For many people, teaching themselves English and getting accepted into a university on another continent would be unthinkable achievements.

For Diki Suryaatmadja, it’s just the beginning.

When classes start at the University of Waterloo in September, the 12-year-old Suryaatmadja will be the youngest student on campus. As far as anyone at the school can tell, he’s the youngest person ever enrolled there.

“I feel excited, but a bit nervous about the transition in culture,” Suryaatmadja, who was fast-tracked through elementary and high schools in his home country of Indonesia, said Wednesday.

Suryaatmadja was accepted to Waterloo this year as an honours physics student. He’ll also be taking classes in chemistry, math and economics.

Even though the 12-year-old only arrived in Canada earlier this week, he’s already forming some first impressions of his new home.

“This country has very nice people,” he said.

“They are very kind, reliable and polite.”

Winter worries him a little bit. While he’s excited to learn to skate, he worries that the cold weather means he won’t be able to spend as much time jogging and doing other outdoor activities he enjoys.

Suryaatmadja will be living off-campus with his family, which means he won’t be part of the student residence experience.

University officials say they’ll be working with him to ensure he adjusts to the social aspects of university life, in ways they might not be so quick to with older students.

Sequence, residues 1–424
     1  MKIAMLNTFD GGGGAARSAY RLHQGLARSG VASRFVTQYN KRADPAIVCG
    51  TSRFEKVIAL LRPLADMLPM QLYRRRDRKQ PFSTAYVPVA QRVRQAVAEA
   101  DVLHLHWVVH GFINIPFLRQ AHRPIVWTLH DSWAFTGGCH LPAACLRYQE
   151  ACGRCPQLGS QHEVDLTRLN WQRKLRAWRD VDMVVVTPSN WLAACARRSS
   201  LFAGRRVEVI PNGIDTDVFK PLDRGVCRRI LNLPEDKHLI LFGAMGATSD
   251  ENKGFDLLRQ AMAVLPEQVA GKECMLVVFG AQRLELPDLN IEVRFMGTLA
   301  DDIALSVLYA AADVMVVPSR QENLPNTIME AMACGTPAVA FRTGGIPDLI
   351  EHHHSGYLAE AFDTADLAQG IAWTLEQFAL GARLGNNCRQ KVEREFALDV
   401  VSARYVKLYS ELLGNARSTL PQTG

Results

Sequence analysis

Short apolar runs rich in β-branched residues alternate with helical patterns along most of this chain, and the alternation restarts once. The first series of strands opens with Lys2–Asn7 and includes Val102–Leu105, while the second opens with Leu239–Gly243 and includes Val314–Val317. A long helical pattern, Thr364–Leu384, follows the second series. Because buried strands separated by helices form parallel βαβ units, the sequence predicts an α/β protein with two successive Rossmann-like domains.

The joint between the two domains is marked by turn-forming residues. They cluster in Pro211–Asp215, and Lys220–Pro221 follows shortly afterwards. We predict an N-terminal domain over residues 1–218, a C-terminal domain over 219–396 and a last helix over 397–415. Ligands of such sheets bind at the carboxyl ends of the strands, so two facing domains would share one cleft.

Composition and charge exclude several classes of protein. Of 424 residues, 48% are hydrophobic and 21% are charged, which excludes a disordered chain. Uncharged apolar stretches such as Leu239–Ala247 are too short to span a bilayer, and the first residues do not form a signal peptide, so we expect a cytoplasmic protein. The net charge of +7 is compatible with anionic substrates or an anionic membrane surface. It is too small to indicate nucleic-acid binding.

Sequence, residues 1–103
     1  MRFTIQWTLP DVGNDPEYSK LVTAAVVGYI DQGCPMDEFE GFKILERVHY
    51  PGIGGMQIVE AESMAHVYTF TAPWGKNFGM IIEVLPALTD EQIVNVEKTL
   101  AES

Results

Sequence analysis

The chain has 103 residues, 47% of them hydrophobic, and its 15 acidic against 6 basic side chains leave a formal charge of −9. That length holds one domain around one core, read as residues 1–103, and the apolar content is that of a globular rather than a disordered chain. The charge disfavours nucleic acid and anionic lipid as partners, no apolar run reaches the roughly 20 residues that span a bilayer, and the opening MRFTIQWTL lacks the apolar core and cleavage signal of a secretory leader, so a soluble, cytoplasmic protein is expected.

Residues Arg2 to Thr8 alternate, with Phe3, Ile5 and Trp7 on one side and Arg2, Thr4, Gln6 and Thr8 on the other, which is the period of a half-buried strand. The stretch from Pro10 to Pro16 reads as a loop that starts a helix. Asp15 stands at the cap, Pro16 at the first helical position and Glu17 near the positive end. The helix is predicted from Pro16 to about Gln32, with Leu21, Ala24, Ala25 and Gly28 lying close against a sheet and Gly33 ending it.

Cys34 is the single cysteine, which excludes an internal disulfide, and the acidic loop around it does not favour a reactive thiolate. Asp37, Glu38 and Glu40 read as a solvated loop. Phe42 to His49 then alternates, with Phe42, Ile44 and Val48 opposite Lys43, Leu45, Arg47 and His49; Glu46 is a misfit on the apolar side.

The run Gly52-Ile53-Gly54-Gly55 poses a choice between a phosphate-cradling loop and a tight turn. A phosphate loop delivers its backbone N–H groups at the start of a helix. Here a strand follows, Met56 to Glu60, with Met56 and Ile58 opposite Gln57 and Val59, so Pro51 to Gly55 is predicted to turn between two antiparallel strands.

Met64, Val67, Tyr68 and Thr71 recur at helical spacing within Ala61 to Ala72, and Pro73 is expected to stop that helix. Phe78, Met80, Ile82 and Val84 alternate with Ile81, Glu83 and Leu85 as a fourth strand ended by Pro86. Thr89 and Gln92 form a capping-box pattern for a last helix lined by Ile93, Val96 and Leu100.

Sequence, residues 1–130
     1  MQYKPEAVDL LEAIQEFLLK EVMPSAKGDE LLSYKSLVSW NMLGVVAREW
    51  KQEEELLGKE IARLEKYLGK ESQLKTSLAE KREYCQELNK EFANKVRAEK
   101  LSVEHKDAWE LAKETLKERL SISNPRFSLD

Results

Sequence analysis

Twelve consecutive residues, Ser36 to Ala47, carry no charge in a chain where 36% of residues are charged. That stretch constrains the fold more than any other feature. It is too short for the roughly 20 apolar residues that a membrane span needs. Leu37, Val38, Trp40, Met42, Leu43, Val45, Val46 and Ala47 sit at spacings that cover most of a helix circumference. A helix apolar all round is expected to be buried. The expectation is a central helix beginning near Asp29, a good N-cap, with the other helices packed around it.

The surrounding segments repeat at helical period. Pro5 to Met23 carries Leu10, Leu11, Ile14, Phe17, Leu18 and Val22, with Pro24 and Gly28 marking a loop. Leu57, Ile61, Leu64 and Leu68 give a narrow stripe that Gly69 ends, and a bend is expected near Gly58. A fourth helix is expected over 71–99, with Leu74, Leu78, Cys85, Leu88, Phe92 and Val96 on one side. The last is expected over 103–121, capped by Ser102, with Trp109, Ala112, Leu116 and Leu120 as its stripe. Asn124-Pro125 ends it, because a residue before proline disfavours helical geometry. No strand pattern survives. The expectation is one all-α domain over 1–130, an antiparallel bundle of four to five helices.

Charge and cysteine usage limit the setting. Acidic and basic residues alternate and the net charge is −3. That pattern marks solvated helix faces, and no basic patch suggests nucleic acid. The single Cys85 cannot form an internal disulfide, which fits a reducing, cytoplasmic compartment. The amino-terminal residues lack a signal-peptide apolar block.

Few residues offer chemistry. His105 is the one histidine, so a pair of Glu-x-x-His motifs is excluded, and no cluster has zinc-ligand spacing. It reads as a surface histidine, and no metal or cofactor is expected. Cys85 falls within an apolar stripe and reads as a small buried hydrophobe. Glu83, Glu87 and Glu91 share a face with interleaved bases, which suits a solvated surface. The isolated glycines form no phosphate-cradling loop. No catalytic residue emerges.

“A 17-year-old is aware of what we have, but it’s up to them to take advantage of that,” said Andre Jardin, the school’s associate registrar of admissions.

“Given that he’s 12, we felt he probably could use some more guidance.”

For example, Jardin said, Suryaatmadja might be connected directly with his academic advisor, instead of simply being given information about them. Finding an upper-year student to serve as a mentor is another possibility. University workers will also be in regular contact with his family.

“We just want to make sure that he integrates socially and has a great experience and is successful, like any other student,” Jardin said.

“He’s fully prepared academically. What we have to address is the fact that he is a 12-year-old boy.”

Since the program Suryaatmadja is enrolled in typically takes four years to complete, he could be a university graduate before he’s old enough to drive a car on his own in Ontario.

He’s already making plans for what he wants to accomplish through his studies. One idea is to invent a cheaper, renewable source of energy.

“I want to change the world,” he said.

“I’m still young, and I still have a lot of time in this world.”

Jardin says the school’s admission staff make their decisions without taking into account information like age and gender, and Suryaatmadja’s application was approved before anyone realized his age.

“He had phenomenal grades,” he says, adding that Suryaatmadja had some of the highest marks of anyone being accepted into Waterloo this year.

For his part, Suryaatmadja says he heard from friends that Waterloo was a “great university,” and came to the same conclusion when he researched it himself – so he applied.

With reporting by Alexandra Pinto